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At least 127 are dead and dozens more are wounded after gunmen and bombers attacked a concert venue, the Stade de France sports stadium, and nightlife spots around Paris on Friday night.
Speaking in a televised address to the nation on Saturday, French President François Hollande called the attacks an "act of war" and vowed to "act by all means anywhere, inside or outside the country" to "triumph over the barbarism."
Former president Nicolas Sarkozy added in a statement: "The war we must wage should be total."
According to news outlets, the Islamic State (ISIS) has released a statement claiming responsibility for the attacks and threatening further attacks against France. The group reportedly said the killings were in response to airstrikes against its militants, adding France would remain a "key target."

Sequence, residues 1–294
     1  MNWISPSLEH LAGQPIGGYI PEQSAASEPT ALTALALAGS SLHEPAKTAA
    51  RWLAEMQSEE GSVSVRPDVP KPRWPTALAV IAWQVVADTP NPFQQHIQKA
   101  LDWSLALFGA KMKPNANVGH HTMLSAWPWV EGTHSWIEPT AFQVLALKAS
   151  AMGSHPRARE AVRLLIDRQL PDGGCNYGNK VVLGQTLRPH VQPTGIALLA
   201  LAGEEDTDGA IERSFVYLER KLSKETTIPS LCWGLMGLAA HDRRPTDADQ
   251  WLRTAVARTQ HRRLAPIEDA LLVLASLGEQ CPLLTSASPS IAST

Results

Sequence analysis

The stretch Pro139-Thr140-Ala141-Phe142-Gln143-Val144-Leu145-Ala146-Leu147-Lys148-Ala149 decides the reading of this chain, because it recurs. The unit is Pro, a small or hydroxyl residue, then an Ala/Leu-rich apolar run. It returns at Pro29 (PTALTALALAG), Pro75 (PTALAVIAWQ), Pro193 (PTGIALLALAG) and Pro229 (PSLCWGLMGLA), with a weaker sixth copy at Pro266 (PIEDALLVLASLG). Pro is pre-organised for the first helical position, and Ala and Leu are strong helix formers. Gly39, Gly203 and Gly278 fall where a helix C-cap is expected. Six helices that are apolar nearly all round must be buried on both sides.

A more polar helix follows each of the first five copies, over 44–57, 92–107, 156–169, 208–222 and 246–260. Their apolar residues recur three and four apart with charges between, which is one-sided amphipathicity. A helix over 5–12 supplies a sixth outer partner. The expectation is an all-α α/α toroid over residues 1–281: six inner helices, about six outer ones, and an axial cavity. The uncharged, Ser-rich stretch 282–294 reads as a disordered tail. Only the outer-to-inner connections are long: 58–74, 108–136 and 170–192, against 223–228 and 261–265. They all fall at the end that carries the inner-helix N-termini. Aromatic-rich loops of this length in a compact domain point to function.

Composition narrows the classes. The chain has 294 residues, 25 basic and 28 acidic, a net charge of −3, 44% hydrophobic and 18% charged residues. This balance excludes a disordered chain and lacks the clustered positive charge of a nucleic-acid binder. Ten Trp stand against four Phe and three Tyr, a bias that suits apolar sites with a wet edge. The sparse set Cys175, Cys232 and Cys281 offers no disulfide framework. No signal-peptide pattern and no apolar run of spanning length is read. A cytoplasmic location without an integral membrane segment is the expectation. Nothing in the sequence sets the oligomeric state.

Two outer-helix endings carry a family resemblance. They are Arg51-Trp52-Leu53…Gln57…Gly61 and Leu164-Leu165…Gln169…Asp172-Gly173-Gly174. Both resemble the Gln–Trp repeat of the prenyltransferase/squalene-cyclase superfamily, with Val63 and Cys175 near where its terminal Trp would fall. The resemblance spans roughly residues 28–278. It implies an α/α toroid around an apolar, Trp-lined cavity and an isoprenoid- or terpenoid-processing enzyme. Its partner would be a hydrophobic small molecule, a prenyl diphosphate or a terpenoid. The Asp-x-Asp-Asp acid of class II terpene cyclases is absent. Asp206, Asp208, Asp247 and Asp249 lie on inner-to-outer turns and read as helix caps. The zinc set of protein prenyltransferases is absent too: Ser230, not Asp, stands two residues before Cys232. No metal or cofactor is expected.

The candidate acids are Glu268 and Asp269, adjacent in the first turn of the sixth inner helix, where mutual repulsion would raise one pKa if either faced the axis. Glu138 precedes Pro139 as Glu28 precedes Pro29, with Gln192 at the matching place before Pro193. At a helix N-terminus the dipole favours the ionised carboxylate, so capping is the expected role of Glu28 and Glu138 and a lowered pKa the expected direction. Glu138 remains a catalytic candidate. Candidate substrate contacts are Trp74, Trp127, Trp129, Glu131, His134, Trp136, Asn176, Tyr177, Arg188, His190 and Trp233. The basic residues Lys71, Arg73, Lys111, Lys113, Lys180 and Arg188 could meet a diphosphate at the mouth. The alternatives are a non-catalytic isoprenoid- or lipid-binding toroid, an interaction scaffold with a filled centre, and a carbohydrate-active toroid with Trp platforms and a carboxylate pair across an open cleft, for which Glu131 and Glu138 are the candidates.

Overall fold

France is a member of the U.S.-led coalition waging airstrikes against ISIS fighters in Syria and Iraq; the country launched its first airstrikes in Syria in late September.
During a meeting with a delegation of French lawmakers in Damascus on Saturday, Syrian President Bashar al-Assad said France's "mistaken policies... had contributed to the spread of terrorism."
The attacks in Paris come just days after suicide bombings in Beirut killed more than 40.
Responding to the attacks on Twitter, The Intercept's Murtaza Hussain noted that "these things are all connected."
Violence was never just going to stay "over there", and its not only a big deal when it comes home.
— Murtaza Hussain (@MazMHussain) November 13, 2015
A state of emergency, declared by Hollande on Friday evening, remains in place on Saturday. Hollande also declared three days of national mourning.
France 24 reports that the French government has banned public demonstrations in Paris and the surrounding area until Thursday, with Paris police chief Michel Cadot saying authorities cannot "provide security for specific marches or gatherings."